Wednesday, March 2, 2011

Steve Jobs: flash? No thanks.

Steve Jobs posted (2010) his reasons not to support flash on iPad and iPhone:

  1. Flash is closed, proprietary product and we (Apple) have own open WebKit standard for browsers that makes flash obsolete
  2. H.264 videos are widely available, so users won't miss any content. Flash games? We have our store full of games instead. No farmville, sorry :P
  3. Bad security record for flash technology. Poor performance.
  4. Without hardware video decodec, flash drains precious battery. <video> is hardware accelerated. This is very importand on mobile platforms.
  5. Mobile interfaces don't use mouse. They use Touch ©. So, ... no onmouseover or any other rollover effect - flash apps needs to be rewritten (so use HTML5 this time).
  6. If developers grow dependent on third party development libraries and tools, they can only take advantage of platform enhancements if and when the third party chooses to adopt the new features.

Is he right?

Yes, because he has the money :> But also, sadly for flash developers, his is very, very right and insightful on flash technology. While having competing product (WebKit) is not an argument by itself, having open source competing product is. WebKit browsers made it possible to have animated demos in HTML5 on every possible device (Firefox/Chrome made it possible on non-mobile machines before).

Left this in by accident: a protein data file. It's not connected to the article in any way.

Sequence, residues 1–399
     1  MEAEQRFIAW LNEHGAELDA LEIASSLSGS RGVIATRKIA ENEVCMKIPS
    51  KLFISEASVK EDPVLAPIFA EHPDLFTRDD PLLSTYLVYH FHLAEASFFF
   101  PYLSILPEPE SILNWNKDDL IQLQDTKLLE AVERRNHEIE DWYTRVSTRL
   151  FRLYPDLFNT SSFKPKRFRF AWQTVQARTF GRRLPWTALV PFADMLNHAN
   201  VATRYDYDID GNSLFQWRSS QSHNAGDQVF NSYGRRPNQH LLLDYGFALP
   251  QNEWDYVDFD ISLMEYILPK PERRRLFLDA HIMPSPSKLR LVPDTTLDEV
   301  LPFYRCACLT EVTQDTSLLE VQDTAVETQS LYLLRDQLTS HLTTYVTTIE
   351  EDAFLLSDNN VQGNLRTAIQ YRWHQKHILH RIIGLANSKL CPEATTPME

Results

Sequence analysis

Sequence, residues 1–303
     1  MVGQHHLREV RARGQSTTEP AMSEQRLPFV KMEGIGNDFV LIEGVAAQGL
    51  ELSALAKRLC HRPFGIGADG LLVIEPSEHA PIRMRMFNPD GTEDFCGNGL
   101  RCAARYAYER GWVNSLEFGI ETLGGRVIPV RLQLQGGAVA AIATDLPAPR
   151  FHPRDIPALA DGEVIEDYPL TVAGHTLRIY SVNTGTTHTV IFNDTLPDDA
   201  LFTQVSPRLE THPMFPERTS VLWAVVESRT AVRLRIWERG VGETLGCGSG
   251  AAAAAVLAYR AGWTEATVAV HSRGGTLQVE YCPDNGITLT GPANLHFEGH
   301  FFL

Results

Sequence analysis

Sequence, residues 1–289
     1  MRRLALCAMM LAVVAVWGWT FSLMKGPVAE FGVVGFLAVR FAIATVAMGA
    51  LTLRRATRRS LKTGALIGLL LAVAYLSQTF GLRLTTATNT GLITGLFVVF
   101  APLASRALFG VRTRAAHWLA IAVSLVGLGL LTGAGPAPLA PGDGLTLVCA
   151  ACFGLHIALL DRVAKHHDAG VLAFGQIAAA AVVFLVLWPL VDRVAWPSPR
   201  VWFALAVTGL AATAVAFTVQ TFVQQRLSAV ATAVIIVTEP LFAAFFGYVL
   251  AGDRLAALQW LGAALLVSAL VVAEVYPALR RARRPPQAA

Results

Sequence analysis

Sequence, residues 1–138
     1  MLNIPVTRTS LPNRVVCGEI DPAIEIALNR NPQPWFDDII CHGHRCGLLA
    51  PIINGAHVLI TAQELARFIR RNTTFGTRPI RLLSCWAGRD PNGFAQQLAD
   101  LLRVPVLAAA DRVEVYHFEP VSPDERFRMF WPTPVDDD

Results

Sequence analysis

Observe how mobile technology drawbacks (battery life, CPU performance) now drive the web industry. Drains battery == Bad idea. But my PC does not have a battery? -> PC is obsolete.

Third party development tools hinder innovation. Bold statement. But, sorry Adobe, this is so true. I made a few Flex apps (video players mainly) and noticed:

  • poor documentation, sometimes missleading - you really need to copy a widget from Adobe sources, you can't extend almost anything.
  • inconsistent, overcomplicated, legacy-based API
  • Simple things (including a image as background) made hard
  • Big Ball of XML. Impossible to enhance some of XML components with ActionScript code.

Bad developer experience, Flex is going in wrong direction. Flex 3 was pretty nice and much more powerful that javascript at the time it war released. But now HTML5-generation browsers are so fast that writting operating systems in javascript seems actually a good idea. Backed with full CSS3 support, the HTML reclaims what flash has taken.


HTML5 already won. Jump in and don't look back.

I've been informed that Apple decided to bring back the flash support for iOS. It's slow and quirky but it works and the doors are not closed. So, no, HTML5 still has a way to go before it prevails.